Police officers are leaving the service or are unable to work due to the physical and mental consequences of being assaulted, and judges and magistrates need to do more to deter offenders, Gloucestershire Police Federation’s Chairman has said.
There has been a rise in assaults against police officers during the pandemic, especially Covid-related assaults such as spitting and coughing at officers. At the same time officers around the country have been a target of violence during recent protests.
30,679 police officers were assaulted in England and Wales last year. That’s 590 a week. 84 a day. 119 Gloucestershire Police officers were assaulted last year.
Federation Chairman Steve James said: “We see officers leaving the service due to injury and due to mental health trauma as a result of these injuries. In some cases we lose hundreds of thousands of pounds’ worth of officer man hours every year due to injuries on duty and people being off duty and recuperating.
“There is a cost to all this, both financially and socially, and most importantly personally to the officer. I think that needs to be at the forefront of judges’ and magistrates’ minds, not necessarily the effect on the defendant.”
Steve said there had been “a lot of cases of people weaponising coronavirus against police” and that some of the enforcement officers had to do during lockdown created confrontation. He said: “There’s never any excuse for assaulting police officers, but it has perhaps driven those interactions where those become more likely.”
But Steve added that there had been some “good sentencing” around coronavirus, with the Assaults on Emergency Workers (Offences) Act increasing jail sentences from six to 12 months, and the Government discussing increasing them further to two years.
Steve said: “Obviously we welcome that, because 12 months doesn’t always reflect the severity of the assault. But also that sentencing should be that specific offence about assaulting an emergency worker and that should be reflected in a higher sentence where circumstances are appropriate.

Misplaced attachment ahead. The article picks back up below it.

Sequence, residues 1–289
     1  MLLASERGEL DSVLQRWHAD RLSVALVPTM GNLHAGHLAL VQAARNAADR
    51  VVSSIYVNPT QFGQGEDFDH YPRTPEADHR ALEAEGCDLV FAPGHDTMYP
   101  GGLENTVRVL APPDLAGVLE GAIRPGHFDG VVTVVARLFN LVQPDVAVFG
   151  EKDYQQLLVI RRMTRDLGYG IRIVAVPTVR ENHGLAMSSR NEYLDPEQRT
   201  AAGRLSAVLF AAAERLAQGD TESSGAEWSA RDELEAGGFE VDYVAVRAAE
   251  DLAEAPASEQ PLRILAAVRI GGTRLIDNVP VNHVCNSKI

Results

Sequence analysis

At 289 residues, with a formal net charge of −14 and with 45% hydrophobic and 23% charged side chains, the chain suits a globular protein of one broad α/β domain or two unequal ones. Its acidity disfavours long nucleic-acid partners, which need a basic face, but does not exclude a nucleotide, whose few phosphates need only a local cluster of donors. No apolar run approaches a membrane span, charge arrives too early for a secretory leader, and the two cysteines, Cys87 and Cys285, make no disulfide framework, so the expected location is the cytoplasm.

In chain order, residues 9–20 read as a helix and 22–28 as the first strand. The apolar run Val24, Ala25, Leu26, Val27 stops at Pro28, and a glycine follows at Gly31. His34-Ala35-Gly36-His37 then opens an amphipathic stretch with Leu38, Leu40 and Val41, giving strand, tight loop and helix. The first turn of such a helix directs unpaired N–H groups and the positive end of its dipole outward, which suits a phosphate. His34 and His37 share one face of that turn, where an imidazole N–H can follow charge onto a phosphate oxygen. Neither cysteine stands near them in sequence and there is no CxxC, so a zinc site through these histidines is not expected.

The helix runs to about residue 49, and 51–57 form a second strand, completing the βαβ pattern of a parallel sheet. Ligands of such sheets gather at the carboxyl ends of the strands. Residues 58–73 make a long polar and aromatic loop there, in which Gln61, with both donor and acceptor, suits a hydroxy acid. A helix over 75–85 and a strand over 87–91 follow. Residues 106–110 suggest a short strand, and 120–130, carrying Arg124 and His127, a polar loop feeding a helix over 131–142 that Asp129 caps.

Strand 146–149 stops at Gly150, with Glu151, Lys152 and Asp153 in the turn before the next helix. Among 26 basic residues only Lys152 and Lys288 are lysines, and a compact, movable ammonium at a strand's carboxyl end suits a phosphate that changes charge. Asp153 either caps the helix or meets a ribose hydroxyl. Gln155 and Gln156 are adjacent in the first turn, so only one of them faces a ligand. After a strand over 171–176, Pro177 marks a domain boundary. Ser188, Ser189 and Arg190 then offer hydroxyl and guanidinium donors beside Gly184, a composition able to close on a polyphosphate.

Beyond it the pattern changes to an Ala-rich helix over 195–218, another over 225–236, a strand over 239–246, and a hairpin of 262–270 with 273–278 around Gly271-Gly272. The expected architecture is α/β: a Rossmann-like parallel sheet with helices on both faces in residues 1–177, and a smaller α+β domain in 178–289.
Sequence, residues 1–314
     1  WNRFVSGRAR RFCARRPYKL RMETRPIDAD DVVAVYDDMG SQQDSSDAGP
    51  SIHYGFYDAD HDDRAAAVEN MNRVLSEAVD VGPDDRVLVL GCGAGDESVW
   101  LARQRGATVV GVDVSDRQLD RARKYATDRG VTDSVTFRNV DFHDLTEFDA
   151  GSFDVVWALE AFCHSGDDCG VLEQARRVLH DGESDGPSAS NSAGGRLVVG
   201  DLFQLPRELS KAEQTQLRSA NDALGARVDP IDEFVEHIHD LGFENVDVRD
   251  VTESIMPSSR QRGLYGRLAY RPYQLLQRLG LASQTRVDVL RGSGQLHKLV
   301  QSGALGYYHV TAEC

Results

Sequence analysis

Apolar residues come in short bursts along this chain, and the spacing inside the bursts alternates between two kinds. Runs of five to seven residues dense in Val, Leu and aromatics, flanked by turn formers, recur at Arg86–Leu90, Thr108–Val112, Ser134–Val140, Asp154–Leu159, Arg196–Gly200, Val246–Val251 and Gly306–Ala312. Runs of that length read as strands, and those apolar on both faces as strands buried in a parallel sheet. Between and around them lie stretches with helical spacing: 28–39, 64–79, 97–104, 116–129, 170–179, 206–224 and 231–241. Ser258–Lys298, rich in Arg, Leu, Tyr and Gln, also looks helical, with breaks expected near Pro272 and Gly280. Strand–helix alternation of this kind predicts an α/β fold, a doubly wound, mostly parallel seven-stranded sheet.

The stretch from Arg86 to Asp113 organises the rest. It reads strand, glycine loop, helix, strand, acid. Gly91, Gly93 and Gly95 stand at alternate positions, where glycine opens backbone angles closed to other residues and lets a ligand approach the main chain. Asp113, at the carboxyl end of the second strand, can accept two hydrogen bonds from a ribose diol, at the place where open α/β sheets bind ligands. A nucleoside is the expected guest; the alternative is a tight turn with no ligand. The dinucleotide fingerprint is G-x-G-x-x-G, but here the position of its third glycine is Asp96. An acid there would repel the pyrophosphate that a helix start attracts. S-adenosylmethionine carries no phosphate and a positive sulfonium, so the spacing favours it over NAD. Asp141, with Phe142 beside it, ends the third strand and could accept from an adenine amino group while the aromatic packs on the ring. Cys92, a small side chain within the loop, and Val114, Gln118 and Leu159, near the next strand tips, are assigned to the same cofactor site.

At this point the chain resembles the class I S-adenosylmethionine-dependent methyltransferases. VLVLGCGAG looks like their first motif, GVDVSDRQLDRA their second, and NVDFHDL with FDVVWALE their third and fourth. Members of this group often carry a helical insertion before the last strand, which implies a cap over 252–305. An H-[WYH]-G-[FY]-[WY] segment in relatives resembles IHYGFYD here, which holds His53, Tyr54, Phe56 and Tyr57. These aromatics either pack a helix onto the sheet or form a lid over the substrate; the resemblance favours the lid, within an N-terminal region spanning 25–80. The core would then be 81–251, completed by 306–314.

“We’d like to see those sentencing powers beefed up, but more importantly we’d also like to see that reflected in the sentencing guidelines to court. It’s all very well having a year or two years, five years, 10 years, but unless the courts are actually delivering those sentences where appropriate then you may as well leave it at six months. And that will only be reflected if the sentencing guidelines are changed to allow magistrates and judges to sentence accordingly.”
Steve also mentioned the police assaults that had occurred during the recent Black Lives Matter protests and counter-protests, but stressed that Gloucestershire protests had been peaceful.
He said: “We’ve had a number of small protests but nothing that has involved any disorder or any violence. We’ve had a police presence at the majority of those, but everything has passed peacefully. Actually the relationship between local communities has been very good and it’s been quite a useful method for the police to be out engaging with those people protesting and being able to share their side of what’s going on.”